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Well... hospital admissions are a funny thing for IBD patients, there aren't a lot of things they can do you for you in there that you can't do at home, unless you need IV steroids or fluids or antibiotics. If you go to the hospital the risk of contracting C. diff goes up dramatically so if you don't have fulminant disease that requires IV steroids, fluids, antibiotics etc. and you don't require close observation for electrolyte imbalance or bowel perf, then it's much better to stay home and manage your care with clinic visits.

That said, it sounds like you're in an argumentative/confrontational communication mode with your GI, and that might be preventing you both from addressing your issues. Might be time for either a very direct conversation about these concerns or a new doc.
I don't know if he is fear mongering with you, or just being non-specific. I believe that when he says you risk losing your pouch, he is talking about a future possibility, not an immediate, acute danger.

Both Humira and Imuran stay in the body for quite a while, so a few days one way or the other should not make that much difference. But, compared to Remicade, they clear faster. When I had surgery to remove an adrenal gland, I was on Humira weekly at that time. Neither my surgeon nor my rheumatologist could say whether I should stop the Humira before surgery to avoid possible infections and what-not. I compromised by skipping the dose the week of surgery, then resumed it the week after. I did not have a rapid cascade of inflammatory symptoms. But, then again, I was taking it primary for arthritis symptoms.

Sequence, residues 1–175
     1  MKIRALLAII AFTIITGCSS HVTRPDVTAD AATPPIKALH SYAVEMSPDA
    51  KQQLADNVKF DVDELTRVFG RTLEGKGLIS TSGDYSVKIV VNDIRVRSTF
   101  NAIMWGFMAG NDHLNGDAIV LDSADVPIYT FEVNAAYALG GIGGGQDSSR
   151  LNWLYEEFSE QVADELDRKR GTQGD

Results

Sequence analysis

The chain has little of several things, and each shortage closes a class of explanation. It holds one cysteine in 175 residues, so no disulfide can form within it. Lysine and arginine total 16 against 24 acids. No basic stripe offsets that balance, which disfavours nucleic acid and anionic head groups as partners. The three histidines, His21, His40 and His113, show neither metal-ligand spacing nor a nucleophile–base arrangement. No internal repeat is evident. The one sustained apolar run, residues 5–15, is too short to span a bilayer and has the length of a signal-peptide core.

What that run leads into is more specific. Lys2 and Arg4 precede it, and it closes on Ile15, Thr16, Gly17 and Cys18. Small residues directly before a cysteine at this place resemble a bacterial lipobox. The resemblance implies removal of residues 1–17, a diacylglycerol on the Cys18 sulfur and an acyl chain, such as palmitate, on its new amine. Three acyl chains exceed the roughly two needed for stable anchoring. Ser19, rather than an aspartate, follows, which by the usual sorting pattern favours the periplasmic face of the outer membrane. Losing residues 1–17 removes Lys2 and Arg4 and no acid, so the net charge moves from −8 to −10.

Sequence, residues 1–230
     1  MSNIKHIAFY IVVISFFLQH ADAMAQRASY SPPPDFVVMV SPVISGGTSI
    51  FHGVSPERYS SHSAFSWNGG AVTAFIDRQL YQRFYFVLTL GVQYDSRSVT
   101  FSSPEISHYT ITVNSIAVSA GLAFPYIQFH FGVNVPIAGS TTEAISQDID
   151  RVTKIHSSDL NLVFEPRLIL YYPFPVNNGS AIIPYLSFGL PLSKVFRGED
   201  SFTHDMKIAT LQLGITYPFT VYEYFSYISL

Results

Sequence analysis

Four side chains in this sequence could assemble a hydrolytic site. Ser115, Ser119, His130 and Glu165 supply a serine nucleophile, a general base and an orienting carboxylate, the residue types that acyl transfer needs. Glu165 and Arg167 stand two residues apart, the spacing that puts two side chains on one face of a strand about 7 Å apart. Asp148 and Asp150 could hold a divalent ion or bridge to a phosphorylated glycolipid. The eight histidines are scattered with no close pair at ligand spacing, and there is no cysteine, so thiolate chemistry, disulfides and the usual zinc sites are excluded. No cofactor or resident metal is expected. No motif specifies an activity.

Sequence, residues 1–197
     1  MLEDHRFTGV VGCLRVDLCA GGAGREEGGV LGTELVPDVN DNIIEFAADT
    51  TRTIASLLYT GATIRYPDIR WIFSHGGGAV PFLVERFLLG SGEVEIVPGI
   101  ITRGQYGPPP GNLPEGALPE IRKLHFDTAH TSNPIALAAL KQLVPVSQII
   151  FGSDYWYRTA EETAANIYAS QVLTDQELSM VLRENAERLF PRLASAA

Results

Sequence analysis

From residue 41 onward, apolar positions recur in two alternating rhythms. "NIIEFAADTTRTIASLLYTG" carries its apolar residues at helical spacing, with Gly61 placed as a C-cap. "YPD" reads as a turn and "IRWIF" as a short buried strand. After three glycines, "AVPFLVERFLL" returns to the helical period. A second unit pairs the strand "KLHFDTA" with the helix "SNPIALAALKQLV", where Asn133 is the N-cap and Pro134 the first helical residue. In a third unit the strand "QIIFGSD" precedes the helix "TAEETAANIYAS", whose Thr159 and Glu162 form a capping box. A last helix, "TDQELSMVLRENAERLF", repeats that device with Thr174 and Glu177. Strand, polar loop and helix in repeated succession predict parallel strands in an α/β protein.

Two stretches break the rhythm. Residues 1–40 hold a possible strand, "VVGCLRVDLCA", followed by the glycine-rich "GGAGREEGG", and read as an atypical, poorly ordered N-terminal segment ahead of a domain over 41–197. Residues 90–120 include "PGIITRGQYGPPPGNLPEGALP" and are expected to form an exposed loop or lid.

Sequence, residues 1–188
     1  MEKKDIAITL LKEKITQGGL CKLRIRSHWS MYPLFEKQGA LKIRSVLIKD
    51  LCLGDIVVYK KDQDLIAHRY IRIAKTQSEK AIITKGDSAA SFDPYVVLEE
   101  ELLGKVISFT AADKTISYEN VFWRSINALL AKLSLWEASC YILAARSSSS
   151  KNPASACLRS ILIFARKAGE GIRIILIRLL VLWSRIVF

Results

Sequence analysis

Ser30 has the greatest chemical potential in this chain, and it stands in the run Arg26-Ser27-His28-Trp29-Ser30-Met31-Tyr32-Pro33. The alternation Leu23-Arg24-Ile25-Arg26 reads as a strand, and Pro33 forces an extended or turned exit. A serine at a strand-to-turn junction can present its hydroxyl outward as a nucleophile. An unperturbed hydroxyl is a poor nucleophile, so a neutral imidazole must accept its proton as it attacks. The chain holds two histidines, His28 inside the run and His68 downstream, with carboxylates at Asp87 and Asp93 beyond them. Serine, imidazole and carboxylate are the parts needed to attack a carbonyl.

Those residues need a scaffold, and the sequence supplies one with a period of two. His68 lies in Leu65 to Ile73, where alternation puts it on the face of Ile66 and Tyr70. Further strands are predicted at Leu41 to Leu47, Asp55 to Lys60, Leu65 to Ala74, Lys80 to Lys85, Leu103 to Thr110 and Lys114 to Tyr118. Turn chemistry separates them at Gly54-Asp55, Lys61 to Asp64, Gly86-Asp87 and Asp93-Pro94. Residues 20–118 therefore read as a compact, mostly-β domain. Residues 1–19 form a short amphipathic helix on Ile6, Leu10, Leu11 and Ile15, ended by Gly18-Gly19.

I agree with Liz that if you are butting heads with this GI and can't seem to get on the same page, maybe it is time for a new doc. I have been pretty lucky to have doctors who are straight with me, but allow me to make final decisions regarding my treatment. Obviously, the patient is the one assuming the risk, so you are the one who should decide which risks you are willing to assume. It is not clear cut, and just because a drug is proven effective, it is not equally effective for all. The same is true for side effects. I am not saying your doc is an idiot or even wrong, but he is not connecting with you in a meaningful way. I'll give him the benefit of the doubt and maybe he's been swamped with work and is feeling challenged by a patient who he sees as non-compliant. It happens. But, it does not seem like he is trying very hard to make you compliant- such as suggesting an appointment to discuss your concerns and to see if something new is going on.